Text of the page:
Hot car deaths claim an average of 37 children per year, but 2018 is shaping up to be the worst.
As of July 22, there have been 28 confirmed hot car deaths involving children — and three more deaths are attributed to hot cars, though autopsy reports are not yet completed.
That’s more hot car deaths by this point than any other year in history.
“We always see an increase in child injuries and deaths this time of year,” KidsAndCars.org president and founder Janette Fennell said in a statement.
“It is devastating to know that there are families all across America right now holding their precious babies, unaware that they will lose them in a hot car this summer. But, these children don’t have to die. Parents and caregivers have the power to make sure that this doesn’t happen to them.”
How hot car deaths happen
“Don’t think for one moment that only a monster would do this,” Kristie Reeves told ABC News of hot car deaths. She lost her daughter, Sophia Rayne “Ray Ray” Cavaliero, in 2011 after her father forgot to drop her off at daycare before going to work.
“I get why people dismiss it. It’s easier as parents than to accept the truth that your memory can fail you in times of stress, in times of chaos,” she said. “That’s terrifying that your own mind can fail you with something so precious, your bundle of joy.”
But it does happen — and it’s not as uncommon as many people think.
“We have a brain system that allows us to operate on autopilot,” David Diamond, a professor at the University of South Florida, told the Tampa Bay Times.
“People hate when I compare forgetting children to forgetting other things, but the process is the same,” he said. “As hard as it is to appreciate, we lose awareness of children as easily as we lose awareness of other things.”
And children’s bodies heat up much faster than adult bodies, making it easier to experience — and succumb to — vehicular heatstroke.
Prevent hot car deaths with a simple checklist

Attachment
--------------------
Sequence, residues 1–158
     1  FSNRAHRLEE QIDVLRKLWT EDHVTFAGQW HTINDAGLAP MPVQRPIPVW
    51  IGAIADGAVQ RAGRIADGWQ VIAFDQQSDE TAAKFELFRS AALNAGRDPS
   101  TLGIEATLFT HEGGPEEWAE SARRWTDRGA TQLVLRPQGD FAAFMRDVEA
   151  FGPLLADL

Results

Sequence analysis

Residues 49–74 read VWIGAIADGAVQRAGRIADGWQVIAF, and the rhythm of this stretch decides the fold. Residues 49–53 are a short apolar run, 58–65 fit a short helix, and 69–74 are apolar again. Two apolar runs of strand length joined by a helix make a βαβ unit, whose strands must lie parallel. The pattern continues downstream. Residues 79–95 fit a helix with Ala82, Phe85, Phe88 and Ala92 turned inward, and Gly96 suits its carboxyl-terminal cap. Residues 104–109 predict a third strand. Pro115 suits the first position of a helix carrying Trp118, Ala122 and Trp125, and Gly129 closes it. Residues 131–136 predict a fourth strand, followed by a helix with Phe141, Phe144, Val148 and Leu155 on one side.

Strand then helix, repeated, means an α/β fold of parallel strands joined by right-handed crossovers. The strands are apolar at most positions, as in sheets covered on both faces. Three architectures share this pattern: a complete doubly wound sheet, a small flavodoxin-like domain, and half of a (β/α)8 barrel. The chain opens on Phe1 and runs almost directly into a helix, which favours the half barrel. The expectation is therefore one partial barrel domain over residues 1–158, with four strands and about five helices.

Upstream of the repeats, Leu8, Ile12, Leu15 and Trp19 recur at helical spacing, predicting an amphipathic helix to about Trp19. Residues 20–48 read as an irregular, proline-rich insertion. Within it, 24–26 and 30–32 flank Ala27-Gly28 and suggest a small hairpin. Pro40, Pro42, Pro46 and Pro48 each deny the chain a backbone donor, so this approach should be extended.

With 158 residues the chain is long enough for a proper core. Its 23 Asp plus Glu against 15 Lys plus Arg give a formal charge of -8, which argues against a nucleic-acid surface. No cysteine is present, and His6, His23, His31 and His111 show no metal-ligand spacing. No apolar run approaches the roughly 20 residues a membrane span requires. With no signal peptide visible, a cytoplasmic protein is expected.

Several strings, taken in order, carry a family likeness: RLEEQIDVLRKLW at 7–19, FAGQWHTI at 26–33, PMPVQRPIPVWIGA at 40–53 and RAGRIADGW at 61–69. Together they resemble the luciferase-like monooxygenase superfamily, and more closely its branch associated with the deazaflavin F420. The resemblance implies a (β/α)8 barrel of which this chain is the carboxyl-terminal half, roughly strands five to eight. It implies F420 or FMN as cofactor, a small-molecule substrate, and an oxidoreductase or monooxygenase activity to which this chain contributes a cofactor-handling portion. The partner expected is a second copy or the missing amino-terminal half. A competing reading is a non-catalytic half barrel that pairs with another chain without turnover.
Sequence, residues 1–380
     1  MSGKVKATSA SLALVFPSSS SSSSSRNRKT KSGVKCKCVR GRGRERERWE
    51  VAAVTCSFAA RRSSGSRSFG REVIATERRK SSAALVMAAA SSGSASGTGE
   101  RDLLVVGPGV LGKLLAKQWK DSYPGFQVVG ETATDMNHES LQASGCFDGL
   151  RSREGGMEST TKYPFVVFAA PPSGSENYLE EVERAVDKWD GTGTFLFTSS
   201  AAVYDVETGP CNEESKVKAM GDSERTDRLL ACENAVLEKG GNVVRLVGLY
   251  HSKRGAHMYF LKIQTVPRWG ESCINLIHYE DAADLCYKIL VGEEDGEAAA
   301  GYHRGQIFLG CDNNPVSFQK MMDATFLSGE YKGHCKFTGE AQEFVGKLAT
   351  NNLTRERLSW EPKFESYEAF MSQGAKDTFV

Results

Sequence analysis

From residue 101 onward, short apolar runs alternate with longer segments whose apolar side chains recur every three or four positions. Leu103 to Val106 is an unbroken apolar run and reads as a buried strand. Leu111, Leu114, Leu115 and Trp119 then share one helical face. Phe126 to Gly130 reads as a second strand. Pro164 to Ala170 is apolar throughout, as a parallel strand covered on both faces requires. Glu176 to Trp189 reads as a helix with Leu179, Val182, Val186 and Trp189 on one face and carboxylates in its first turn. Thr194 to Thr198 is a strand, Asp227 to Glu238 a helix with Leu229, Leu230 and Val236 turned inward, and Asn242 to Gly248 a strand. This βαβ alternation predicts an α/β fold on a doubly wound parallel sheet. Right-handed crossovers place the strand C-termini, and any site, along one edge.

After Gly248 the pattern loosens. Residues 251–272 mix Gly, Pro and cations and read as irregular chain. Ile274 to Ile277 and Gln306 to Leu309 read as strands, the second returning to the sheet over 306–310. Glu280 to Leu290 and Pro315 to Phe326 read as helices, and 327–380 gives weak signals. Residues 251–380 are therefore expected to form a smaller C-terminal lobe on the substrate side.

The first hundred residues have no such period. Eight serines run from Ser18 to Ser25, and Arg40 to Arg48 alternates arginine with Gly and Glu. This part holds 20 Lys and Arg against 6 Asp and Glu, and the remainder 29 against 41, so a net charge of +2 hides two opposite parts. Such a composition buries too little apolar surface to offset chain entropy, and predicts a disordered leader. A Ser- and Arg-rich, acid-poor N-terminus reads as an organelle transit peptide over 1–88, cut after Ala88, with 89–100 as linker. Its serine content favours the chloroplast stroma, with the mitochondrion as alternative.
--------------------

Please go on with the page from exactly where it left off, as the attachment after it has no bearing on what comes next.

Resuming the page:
The prevalence of hot car deaths why organizations like Kids and Cards recommend following the “Look Before You Lock” safety checklist every time you get out of the car.
This checklist — available on their website — includes advice on how to:
—Make a routine of opening the back door of your car to check that nothing — and no one — is left behind.
—Put something you need (like your purse, wallet or cell phone) in the back seat so you don’t forget it.
—Ask childcare providers or schools to call if a child hasn’t been dropped off as expected.
—Keep a stuffed animal in the car seat and put it in the front passenger seat as a reminder that your child is in the car seat.
Also, not all hot car deaths happen as a result of forgetting a child in the car. Children can get locked inside a parked car, too. You can cut down on that risk by:
—Keeping vehicles locked at all times, even when in the garage or in the driveway — and even if you don’t have kids.
—Never leave keys or remote openers in reach of children.
—Check the car and trunk first if a child comes up missing.
Do whatever you can to help prevent a tragedy, because as Reeves said, it can affect the rest of your life.
“Not once was I ever told about this danger to child passenger safety,” she told ABC News. “If you had asked me the day before May 24 , I would have assumed it was very bad parents and parents who used the car as a babysitter. In these times when these children are forgotten, the most common factor was a change in routine.”
“Mine was a wrong turn and we overslept.”